Now here you are, and you are about to release your fifth Netflix special. What was important to you with this one?

Even though it’s not the whole set, a big thing for me was dealing with my father’s death. Obviously, it didn’t play like, “Hey, this is a real serious thing I’m gonna talk about,” but it was definitely something that sat with me. I will say I’m really pleased with the special. I made some really grownup decisions.

How so?

I really wanted this to be a tighter special. When I look back at my old specials, I always regret not cutting out more, so I made this grownup decision to cut big chunks out that had really killed. There was one about being abroad that killed live but it didn’t need to be in the special. There was one that felt dated, and then there was one we really contemplated because, actually, one of the Netflix executives was like, “I love that bit.” But it was four minutes, and we’ve now at 61 minutes, and we’ll probably end up releasing the bits [that were edited out] online. So, people will still get to see them. But you realize even when you’re touring, if you do 60 minutes tight, and it’s packed with laughs, it’s so much more powerful than 80 minutes that’s kind of loose.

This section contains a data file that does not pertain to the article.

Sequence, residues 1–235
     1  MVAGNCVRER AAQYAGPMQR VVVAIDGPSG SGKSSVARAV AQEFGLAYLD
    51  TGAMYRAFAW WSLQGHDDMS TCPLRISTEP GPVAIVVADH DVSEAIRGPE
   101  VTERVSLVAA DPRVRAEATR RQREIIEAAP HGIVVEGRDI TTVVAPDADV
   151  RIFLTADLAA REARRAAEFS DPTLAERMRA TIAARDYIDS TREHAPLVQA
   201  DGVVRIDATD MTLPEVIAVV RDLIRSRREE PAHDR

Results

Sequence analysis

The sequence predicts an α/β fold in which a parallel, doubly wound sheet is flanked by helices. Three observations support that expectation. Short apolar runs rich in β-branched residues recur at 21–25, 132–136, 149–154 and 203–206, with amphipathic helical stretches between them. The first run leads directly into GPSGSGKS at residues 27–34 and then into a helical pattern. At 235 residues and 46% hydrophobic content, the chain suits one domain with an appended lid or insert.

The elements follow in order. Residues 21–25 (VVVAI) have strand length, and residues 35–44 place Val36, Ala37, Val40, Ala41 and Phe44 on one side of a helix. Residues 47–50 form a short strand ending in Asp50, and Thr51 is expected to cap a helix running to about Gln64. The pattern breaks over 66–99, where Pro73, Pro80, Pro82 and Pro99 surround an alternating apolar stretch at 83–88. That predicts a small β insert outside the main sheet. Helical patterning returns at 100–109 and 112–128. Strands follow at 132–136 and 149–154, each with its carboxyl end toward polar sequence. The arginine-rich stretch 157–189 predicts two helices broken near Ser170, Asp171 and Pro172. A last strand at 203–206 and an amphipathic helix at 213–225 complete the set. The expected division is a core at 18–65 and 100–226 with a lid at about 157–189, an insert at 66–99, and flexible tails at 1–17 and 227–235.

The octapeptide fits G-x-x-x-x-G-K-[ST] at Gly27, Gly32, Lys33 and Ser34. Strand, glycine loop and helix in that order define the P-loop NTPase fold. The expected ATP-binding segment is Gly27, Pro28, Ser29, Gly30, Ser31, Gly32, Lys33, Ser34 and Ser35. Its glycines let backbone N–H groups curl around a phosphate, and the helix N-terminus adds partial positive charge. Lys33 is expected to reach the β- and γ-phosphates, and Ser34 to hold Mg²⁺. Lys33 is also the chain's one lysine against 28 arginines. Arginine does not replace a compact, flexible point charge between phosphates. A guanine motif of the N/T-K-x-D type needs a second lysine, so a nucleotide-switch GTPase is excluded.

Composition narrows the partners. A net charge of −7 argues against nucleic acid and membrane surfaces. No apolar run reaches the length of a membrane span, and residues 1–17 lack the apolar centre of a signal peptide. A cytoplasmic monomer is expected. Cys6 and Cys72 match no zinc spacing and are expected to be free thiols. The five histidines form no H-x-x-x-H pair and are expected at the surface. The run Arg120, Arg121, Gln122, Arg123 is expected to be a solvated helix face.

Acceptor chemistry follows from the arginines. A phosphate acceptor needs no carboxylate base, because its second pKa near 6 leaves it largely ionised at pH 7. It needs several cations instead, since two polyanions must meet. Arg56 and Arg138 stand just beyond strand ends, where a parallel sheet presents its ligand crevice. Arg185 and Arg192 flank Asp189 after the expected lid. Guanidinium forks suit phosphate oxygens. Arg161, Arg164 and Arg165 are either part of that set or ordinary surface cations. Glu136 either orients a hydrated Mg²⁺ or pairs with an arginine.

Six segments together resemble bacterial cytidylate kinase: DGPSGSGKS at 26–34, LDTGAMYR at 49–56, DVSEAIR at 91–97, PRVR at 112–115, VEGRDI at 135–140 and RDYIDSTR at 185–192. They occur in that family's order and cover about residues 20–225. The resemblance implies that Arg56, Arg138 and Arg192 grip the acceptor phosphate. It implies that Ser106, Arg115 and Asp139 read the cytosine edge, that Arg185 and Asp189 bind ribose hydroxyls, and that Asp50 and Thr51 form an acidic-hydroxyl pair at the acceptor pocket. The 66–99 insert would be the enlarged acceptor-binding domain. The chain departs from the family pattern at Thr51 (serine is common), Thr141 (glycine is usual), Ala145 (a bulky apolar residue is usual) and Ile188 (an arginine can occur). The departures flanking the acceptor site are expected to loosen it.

Your comedy isn’t overtly political, but you do a bit in this special about Ted Cruz being particularly disgusting…

So, that means you saw an older [version] because that’s been cut.

Wait, why did you cut that?

We were at 65 minutes, and it was four minutes. That’s the one that the Netflix executive loved.

It’s very funny…